Are Car Dealers Returning to Old, Bad Habits?
|   Saturday, September 06, 2014
As car sales have become more challenging now that the pent-up new-car and late-model used car demand has begun to dry up, it seems that more dealers are returning to the practices of the "bad old days" of 2008-2009.

During 2008-2009, the bottom fell out of the car market, inventories piled up as car carrier after car carrier delivered cars to dealerships that weren't moving as many cars as they had in 2007. Sales dropped precipitously to the 12- to 13-million-car-per-year range and many dealers went under.

After the heady days of 2002-2007, manufacturers, anticipating continued success, built excess capacity that went idle. Many employees lost their jobs through furloughs or outright layoffs due to the downturn. To weather the storm, the automakers not only employed the standard means just outlined, but they also used extraordinary means such as shedding divisions; Olds and Pontiac were no more at GM and Ford cut Jaguar and Volvo adrift.

Ultimately even these measures failed to stanch to red-ink flowing out of Detroit's balance sheets, so it was time to ask the government for help. President Obama and the Congress stepped in and offered the auto industry a life preserver in the form of bankruptcy protection, where the manufacturer could keep operating, but under the supervision of a special board made up of manufacturer's representatives, labor representatives and government representatives.

General Motors and Chrysler took advantage of this protection, while Ford retrenched to the point that the automaker was virtually standing still with no major introductions or facelifts planned. They pulled in all they could and cut all they could so the automaker was able to weather the storm without using loans or government protection. It also left them able to take advantage of the upturn more quickly and to bring new models to market in its core business.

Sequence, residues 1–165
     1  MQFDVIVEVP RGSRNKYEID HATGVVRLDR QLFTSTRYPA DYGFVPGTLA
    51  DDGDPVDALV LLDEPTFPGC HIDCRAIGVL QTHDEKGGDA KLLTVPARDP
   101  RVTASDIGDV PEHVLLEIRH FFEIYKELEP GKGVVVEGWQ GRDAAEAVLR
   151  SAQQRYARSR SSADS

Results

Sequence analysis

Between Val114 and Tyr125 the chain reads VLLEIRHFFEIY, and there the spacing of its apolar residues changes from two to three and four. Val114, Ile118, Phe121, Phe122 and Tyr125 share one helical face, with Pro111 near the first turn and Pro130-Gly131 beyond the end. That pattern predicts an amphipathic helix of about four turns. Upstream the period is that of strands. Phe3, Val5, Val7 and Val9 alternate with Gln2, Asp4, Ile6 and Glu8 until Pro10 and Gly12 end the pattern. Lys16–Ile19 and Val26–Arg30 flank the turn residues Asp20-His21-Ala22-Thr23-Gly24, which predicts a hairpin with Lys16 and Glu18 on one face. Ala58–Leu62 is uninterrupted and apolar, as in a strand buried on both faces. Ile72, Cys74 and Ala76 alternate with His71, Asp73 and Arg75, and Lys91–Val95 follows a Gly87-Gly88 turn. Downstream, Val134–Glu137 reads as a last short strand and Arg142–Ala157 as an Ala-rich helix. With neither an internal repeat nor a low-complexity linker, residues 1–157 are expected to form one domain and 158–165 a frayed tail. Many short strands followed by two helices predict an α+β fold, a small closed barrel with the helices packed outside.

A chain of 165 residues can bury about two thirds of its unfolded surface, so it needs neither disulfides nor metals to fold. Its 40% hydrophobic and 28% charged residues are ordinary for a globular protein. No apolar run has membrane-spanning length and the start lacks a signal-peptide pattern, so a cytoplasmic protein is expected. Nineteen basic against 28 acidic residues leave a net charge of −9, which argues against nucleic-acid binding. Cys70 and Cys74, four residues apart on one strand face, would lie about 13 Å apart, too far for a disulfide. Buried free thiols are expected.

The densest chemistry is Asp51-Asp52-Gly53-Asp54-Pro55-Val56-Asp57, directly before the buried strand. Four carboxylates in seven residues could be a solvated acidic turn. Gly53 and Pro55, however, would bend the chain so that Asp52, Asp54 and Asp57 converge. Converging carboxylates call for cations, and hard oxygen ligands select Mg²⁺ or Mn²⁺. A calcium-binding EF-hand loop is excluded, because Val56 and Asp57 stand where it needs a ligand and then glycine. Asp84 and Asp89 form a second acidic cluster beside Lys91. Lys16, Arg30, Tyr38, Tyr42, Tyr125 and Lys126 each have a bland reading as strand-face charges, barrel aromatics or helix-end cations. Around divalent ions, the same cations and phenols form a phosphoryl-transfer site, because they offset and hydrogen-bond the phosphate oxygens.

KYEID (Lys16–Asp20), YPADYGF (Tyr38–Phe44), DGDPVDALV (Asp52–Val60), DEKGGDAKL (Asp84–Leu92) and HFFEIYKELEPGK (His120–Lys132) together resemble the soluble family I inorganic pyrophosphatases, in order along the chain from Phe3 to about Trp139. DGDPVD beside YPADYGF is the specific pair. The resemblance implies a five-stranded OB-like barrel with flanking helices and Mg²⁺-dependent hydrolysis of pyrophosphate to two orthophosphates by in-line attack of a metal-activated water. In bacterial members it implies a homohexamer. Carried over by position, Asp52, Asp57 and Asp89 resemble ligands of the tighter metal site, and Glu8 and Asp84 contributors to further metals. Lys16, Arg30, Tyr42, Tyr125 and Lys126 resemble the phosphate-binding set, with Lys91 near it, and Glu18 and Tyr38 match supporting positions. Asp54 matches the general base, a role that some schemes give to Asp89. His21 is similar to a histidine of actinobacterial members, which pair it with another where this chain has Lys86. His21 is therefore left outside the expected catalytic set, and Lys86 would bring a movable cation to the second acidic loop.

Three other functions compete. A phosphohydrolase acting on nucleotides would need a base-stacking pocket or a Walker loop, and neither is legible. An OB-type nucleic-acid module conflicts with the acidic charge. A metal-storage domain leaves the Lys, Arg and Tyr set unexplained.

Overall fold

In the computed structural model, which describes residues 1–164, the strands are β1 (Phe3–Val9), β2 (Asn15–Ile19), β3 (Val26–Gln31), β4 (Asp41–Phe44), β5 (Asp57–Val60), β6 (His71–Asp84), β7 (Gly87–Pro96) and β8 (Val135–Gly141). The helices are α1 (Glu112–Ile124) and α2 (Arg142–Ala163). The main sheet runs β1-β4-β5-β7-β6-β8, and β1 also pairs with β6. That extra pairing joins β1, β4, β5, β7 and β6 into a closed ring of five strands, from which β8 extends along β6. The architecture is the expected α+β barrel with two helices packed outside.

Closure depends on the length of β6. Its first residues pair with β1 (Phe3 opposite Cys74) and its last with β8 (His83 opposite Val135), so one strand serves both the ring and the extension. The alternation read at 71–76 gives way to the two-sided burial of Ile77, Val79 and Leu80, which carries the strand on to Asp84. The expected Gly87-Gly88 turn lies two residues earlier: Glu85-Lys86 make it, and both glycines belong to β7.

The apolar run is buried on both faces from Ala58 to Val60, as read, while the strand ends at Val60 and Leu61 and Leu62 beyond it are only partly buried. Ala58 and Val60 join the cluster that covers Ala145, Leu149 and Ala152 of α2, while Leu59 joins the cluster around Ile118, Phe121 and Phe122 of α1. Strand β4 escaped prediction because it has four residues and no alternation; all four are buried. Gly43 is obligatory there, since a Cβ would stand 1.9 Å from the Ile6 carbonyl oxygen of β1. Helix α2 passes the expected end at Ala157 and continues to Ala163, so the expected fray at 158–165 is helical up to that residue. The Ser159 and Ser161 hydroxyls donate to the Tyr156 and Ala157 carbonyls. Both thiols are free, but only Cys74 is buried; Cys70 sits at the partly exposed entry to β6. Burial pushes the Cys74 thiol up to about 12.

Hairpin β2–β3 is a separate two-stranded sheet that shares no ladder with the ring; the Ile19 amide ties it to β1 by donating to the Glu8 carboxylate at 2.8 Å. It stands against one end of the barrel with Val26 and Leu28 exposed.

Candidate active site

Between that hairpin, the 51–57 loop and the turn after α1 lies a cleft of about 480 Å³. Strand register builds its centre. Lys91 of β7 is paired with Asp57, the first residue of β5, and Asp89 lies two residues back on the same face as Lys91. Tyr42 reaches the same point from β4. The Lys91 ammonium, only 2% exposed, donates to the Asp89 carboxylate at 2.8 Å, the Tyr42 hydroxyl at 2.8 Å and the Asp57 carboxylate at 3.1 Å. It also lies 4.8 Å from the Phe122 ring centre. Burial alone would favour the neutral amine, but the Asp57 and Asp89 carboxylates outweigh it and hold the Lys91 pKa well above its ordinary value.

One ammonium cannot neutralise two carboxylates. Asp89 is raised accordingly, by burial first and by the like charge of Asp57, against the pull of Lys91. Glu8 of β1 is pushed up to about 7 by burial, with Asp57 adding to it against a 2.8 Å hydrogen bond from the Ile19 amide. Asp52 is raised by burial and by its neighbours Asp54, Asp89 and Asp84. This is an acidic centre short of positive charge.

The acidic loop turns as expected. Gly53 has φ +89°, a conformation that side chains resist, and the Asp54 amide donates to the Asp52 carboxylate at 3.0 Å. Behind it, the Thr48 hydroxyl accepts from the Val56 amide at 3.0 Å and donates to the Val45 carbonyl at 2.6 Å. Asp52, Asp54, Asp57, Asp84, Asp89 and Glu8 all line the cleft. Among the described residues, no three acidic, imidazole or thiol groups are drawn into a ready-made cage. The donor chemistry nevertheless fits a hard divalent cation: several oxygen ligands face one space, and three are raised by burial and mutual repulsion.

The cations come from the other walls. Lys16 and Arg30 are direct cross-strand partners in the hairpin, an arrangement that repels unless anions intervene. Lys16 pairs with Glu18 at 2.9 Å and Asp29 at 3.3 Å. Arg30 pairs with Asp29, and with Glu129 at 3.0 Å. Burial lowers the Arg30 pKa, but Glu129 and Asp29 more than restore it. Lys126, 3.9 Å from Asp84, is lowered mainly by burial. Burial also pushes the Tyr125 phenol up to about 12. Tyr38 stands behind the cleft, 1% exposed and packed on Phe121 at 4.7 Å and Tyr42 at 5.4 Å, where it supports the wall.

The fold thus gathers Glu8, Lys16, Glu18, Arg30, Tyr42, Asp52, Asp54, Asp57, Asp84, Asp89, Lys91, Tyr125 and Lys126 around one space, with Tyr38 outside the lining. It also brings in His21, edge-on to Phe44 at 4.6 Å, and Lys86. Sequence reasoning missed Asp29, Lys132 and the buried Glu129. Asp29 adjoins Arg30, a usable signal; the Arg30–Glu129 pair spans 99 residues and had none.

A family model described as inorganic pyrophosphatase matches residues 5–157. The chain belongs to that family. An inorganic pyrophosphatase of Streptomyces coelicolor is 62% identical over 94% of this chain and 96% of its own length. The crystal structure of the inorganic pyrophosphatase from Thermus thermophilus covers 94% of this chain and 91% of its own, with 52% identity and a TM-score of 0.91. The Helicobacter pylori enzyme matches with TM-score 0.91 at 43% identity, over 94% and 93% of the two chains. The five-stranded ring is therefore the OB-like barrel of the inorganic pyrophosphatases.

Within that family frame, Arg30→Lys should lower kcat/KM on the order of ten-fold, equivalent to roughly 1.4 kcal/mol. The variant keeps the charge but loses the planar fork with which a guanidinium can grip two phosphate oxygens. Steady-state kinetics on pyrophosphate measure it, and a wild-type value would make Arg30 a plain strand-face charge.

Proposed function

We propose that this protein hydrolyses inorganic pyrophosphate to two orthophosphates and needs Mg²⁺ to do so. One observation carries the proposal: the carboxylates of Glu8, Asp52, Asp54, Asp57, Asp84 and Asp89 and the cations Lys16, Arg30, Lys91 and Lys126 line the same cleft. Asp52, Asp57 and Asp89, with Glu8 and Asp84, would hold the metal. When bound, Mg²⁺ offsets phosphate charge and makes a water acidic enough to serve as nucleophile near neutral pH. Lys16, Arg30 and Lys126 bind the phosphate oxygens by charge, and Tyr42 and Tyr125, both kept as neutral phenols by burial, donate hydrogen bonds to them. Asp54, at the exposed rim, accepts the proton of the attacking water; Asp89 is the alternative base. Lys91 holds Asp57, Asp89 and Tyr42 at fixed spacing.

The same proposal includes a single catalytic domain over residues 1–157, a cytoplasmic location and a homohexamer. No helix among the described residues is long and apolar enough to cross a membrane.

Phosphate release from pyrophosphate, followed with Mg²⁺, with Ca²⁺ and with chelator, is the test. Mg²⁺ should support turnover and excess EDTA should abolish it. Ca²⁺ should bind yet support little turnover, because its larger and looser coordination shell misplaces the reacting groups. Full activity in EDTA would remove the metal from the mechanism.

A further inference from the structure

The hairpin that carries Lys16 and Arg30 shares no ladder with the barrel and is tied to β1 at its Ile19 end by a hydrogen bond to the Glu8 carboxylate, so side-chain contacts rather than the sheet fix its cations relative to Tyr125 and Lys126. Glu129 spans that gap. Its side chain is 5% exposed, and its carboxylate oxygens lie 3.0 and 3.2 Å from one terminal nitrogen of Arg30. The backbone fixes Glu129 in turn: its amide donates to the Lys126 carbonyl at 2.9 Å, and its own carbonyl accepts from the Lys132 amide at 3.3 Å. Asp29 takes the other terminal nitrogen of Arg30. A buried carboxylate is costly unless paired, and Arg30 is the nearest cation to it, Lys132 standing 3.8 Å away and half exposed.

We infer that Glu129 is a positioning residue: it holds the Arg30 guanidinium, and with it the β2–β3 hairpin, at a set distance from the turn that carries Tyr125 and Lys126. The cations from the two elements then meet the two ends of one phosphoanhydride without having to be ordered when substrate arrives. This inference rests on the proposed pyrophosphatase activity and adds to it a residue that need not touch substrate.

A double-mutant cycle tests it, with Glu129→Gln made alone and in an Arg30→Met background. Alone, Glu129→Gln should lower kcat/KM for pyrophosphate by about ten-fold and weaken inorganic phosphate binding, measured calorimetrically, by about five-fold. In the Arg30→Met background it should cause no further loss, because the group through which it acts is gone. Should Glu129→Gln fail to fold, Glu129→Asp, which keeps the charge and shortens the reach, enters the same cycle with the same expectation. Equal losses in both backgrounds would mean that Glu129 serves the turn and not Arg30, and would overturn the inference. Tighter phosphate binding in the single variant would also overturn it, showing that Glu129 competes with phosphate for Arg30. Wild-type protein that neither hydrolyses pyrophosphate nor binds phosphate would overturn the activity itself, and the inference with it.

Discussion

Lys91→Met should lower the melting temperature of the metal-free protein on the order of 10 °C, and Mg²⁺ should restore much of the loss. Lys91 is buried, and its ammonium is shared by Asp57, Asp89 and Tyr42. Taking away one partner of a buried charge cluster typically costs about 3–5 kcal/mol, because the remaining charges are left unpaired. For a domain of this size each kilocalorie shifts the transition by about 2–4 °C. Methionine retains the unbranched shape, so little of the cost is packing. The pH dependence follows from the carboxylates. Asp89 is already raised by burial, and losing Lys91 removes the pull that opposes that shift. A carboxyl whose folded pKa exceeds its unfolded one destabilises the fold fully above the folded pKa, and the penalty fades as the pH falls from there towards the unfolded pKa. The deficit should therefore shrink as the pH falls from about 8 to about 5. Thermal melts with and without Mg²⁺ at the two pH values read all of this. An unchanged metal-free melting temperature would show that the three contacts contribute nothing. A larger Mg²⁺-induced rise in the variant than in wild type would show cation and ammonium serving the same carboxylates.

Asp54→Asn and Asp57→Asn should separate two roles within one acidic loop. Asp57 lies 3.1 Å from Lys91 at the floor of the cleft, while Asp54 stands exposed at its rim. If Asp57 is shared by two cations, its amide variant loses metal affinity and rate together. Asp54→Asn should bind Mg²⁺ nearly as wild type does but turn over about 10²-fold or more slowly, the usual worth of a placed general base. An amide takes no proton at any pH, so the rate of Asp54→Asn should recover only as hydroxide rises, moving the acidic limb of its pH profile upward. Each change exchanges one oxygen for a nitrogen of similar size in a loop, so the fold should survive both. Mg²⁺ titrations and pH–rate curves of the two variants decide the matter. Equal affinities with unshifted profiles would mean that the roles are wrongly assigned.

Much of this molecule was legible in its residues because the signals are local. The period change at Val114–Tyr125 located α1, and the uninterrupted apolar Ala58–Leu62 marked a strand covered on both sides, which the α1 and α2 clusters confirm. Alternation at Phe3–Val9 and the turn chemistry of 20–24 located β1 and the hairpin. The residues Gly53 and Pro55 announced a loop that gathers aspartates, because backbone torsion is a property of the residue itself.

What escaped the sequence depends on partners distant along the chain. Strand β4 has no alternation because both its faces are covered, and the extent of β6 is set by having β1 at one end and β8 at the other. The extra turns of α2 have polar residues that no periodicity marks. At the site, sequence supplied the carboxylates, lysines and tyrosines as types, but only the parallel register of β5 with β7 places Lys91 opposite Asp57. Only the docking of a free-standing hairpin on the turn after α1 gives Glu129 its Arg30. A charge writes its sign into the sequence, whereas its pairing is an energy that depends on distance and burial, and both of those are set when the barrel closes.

Meantime, General Motors, after a time in bankruptcy protection, pulled itself back together, while Chrysler realized going it alone was no longer viable, so it pulled the trigger on an anticipated merger with Fiat that was consummated fairly quickly.

Today, as sales are slowing, people are worrying the industry is turning its back on the lessons learned in 2008 and 2009. Factories are mistakenly adding capacity (Ford just made major additions to Flat Rock, MI and Toyota has added capacity to its Louisiana facility), while dealers are increasing their car discounting and incentives to bring customers through the doors.

Those customers, in turn, were facing higher prices because the factories continued doing business as usual and raised prices a little every year. Even those raises considered tiny by the auto industry were major to many buyers and they have effectively put new cars beyond the reach of many. So, dealers have increased the use of leasing, where an unrealistically low price can be negotiated up front that will be the payment for three years. After that time, the customer either walks away from the vehicle or buys the lease out. This is where leasing becomes a double-edged sword.

On one hand, buyers can get into the cars of their dreams for fairly comfortable prices, but, after the term of the lease, the customer has only two choices, walk away from the car, dropping the keys on the dealer's desk; or if the customer wants to keep it, he or she will find it costs a king's ransom to keep. The entire cost works out to roughly 2.1 times the manufacturer's suggested retail of $12,995 (at the time of purchase). In this example, we are using a subcompact American vehicle. It turns out that using these factors makes the total price $25,990.

In addition, observers note that:

Dealer discounts have increased 5.5 percent over last year
Dealers are writing 72- and 84-month loans, a sign that car pricing is too high and people are having trouble affording payments
Dealers are easing credit to poorer credit risks and writing more subprime loans to keep sales moving

Not every dealer or manufacturer supports a return to the habits of the past, even it if might help now as sales soften. For example, Honda has been feeling the pain, as have others but is refusing to look back. "We have no desire to go there," Honda sales head John Mendel told the AP. He also rapped the industry for giving in to the easy way out. Honda hasn't and its sales have dipped 1.3 percent from last year.

Some analysts believe the tactics of the last dip will return poor dividends if they are used today.

"It could be a disaster later on," was how Adam Jonas, an analyst at Morgan Stanley, described the impact he believed longer-term notes and eased credit use would have. "We're clearly robbing Peter to pay Paul," Jonas emphasized. He predicted sales would climb 18 million cars a year by 2017 and then would fall to 14 million cars a year in 2018.

No one believes the next downturn will be like 2008-09 because dealers have retrenched, as have the factories, so the industry is in better shape to handle a potential sales downturn. However, people within the auto industry have looked at the creep of past habits into current sales thinking and are upset about it. "It just seems like 2007 all over again," Earl Stewart, a longtime Toyota dealer in Fla., told the AP. "The eased credit with which people are financing is as liberal and loose as it ever has been."
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